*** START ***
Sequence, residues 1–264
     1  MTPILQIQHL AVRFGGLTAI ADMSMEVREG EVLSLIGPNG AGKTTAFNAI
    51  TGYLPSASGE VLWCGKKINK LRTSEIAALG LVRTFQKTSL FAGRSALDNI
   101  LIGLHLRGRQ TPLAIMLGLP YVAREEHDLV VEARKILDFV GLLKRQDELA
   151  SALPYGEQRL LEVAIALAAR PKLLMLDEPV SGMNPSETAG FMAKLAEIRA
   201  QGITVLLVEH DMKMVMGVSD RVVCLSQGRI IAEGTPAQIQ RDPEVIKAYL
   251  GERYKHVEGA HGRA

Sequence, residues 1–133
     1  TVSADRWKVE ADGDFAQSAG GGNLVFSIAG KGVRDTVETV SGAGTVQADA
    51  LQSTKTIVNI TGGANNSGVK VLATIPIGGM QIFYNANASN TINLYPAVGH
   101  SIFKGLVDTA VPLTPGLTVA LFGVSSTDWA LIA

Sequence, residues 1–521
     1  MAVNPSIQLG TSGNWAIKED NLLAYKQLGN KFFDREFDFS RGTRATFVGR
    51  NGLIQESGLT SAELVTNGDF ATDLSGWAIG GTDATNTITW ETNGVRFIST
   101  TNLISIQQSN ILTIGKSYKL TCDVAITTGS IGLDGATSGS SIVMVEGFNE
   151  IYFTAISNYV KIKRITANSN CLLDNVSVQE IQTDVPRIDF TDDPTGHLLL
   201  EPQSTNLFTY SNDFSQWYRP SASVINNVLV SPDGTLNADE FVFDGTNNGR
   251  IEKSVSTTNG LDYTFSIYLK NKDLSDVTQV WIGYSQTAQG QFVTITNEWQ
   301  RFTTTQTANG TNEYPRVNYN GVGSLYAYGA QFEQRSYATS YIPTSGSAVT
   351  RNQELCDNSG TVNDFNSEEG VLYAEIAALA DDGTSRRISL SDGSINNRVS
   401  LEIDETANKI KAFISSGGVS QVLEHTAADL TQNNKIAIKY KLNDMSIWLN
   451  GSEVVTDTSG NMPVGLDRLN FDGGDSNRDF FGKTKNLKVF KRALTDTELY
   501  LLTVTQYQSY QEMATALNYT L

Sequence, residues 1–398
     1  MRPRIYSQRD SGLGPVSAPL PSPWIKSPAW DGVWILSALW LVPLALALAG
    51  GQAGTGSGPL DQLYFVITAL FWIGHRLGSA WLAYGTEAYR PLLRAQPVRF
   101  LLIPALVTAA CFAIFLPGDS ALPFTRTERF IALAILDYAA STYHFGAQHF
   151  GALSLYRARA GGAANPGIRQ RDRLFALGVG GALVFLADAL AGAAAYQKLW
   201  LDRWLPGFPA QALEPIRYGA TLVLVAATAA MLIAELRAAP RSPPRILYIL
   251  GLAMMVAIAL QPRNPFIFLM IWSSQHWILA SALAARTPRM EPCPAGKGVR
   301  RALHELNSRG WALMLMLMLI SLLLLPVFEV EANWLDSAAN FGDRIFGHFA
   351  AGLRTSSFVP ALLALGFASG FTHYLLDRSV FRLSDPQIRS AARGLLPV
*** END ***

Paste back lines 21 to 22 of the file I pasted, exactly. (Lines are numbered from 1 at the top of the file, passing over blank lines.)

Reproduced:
   401  LEIDETANKI KAFISSGGVS QVLEHTAADL TQNNKIAIKY KLNDMSIWLN
   451  GSEVVTDTSG NMPVGLDRLN FDGGDSNRDF FGKTKNLKVF KRALTDTELY